So you can edit away. Change something like you want and still know in your iPhoto Library you've got that original version there should you ever want to go back to it.

Comments: 19 Responses to “Editing Photos In iPhoto”

    11/21/13 @ 11:22 am

    Can the edited photo be saved?

      11/21/13 @ 11:34 am

      Not sure what you mean. The editing is automatically “saved” in iPhoto. If you mean export, then yes, you can export just like you could before you edited it.

        11/21/13 @ 5:31 pm

        Yes, export is what I meant. It wouldn’t seem logical if one could not export the finished product. I will have to investigate iPhoto a bit more.

    11/21/13 @ 11:34 am

    I never edit my original photo. Before doing any edits I always duplicate my original and do my edits on the duplicate, so the original is never touched. If I like my edit, I go back to the event and make duplicate of the one I just edited – so it’s “saved” – then go on experimenting with whatever other edits I want to.

      11/21/13 @ 11:37 am

      There’s really no need to do that. iPhoto has the original. You can always revert to the original by hitting the Revert to Original button. Duplicating it will just create a second copy of the original as a separate photo.

        11/21/13 @ 12:19 pm

        I freely admit to backing up everything, multiple times. Two external hd’s plus flash drives, LOL. I also thought playing with the original might reduce the image’s quality, even if you did “revert to original”. Would it?
        I like to be able to compare my edits side-by-side with the original, too, to decide which one I like better, or what other edits might be beneficial.

          11/21/13 @ 12:23 pm

          Sounds like you would really enjoy upgrading to Aperture. There are many more editing options, plus you can “show original” to compare, and effects have a preview that comes up before you apply.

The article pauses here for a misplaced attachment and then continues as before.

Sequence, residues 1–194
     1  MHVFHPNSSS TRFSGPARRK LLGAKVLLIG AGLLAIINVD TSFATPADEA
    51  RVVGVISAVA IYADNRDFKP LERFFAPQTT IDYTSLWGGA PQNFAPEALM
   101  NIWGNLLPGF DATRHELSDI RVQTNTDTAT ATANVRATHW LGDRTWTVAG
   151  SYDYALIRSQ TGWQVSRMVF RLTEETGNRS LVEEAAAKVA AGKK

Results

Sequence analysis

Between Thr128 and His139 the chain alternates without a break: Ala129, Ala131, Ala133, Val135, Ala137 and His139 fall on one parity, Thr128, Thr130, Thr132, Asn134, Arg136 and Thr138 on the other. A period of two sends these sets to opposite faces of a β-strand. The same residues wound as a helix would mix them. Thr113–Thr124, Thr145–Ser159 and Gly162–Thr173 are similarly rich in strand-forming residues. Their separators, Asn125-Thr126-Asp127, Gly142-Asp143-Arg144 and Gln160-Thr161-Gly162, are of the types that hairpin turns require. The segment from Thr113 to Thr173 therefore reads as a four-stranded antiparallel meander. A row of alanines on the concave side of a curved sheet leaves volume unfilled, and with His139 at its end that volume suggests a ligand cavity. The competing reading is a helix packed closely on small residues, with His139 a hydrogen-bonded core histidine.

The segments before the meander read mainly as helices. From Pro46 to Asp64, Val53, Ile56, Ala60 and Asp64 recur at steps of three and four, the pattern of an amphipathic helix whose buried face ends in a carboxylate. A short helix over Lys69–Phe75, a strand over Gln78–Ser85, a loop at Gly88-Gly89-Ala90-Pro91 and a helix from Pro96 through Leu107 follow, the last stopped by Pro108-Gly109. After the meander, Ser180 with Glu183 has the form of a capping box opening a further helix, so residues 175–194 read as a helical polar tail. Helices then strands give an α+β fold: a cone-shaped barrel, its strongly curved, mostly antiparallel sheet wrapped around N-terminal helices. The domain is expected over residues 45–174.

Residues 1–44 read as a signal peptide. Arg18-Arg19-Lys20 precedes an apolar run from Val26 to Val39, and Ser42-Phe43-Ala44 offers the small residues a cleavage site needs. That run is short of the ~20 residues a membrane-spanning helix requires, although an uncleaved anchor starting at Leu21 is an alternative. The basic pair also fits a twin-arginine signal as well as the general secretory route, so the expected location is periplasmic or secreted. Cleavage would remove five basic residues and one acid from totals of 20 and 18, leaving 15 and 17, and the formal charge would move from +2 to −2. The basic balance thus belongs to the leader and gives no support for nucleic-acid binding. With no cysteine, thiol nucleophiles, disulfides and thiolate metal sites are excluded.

11/21/13 @ 2:17 pm

            I’ve heard of Aperture, but haven’t ever looked at it. Thought it might be a bit too advanced for me. My son uses Lightroom and loves it – can do incredible things, but it sounds very techy. I don’t think I really need more than what iPhoto gives me, with Effects and cropping. I have v.9.4.3 – noticed you are using 9.5 – I haven’t been offered that update – should I see if I can purchase it? Or is it just for OS Mavericks?

              11/21/13 @ 2:20 pm

              You need Mavericks to upgrade to 9.5.

                11/21/13 @ 2:25 pm

                I’ve been scared off Mavericks by the comments I’ve been reading, so I’m going to wait awhile on that. I’m going to take your suggestion though and have a good look at Aperture. Thank you! And, thanks for your articles, I really enjoy and benefit from them :)

    11/23/13 @ 3:33 am

    I have old family photos in iPhoto downloaded from a disc, several are photos with 4-6 separate photos together and I want to crop individual photos and use for a calendar. When I revert to original to crop another photo I lose the single photo. I did this last year for a calendar but either I forgot how or Mavericks won’t let me. Please help, sorry for the long post.

      11/23/13 @ 9:09 am

      The way I would have this is to duplicate the photo. Then crop the duplicate so it contains only one of the images. Then repeat for each image in there so you have a separate photo for each.

        Anusha Jain
        1/17/14 @ 8:23 pm

        Sorry, if it sounds too silly, but how to duplicate a photo within iPhoto? I’ve been using iPhoto for some time now, but am unable to figure it out. Except for importing the same photo again… Which is unfeasible for too many pics every time.
        Wasn’t able to do it on iPhoto for iOS either.

          1/17/14 @ 8:29 pm

          There are several ways. Select the photo and choose Photos, Duplicate. Or, in some cases you can Control+Click on the photo and choose Duplicate from the context menu.

            Anusha Jain
            1/20/14 @ 5:27 am

            Thanks Gary. Unfortunately, I didn’t get a notification for your response. Saw it only when I came back to share my mistake :) I was trying “Copy” from menu or with Cmd+C and couldn’t paste either in the same event or other. Duplicate was in the photos menu with Cmd+D as shortcut, and silly me, I missed it :) Thanks again.

    11/24/13 @ 11:02 am

    I’ve done a lot of editing using iPhone but want to expand my capabilities. I’ve heard Aperture is good but Apple hasn’t kept up with its support of the program. Any thoughts? Also what do you think of Lightroom as an alternate to Aperture?

      11/24/13 @ 11:27 am

      You mean iPhoto, right? As for Aperture, what makes you think Apple isn’t keeping up with it? There have been regular updates. I use Aperture, but can’t compare it to Lightroom as I don’t use it. But the features of both are easy to find online.

    12/17/13 @ 9:39 am

    Please help with the cropping. I never know what to crop the picture to when I’m not sure what size I want to print. If size is unknown, what is the best way to crop?

      12/17/13 @ 9:45 am

      Not sure I understand your question. If you don’t know what size you’ll need, then the best cropping is no cropping at all. Why get rid of some of the image until you need to?

Comments Closed.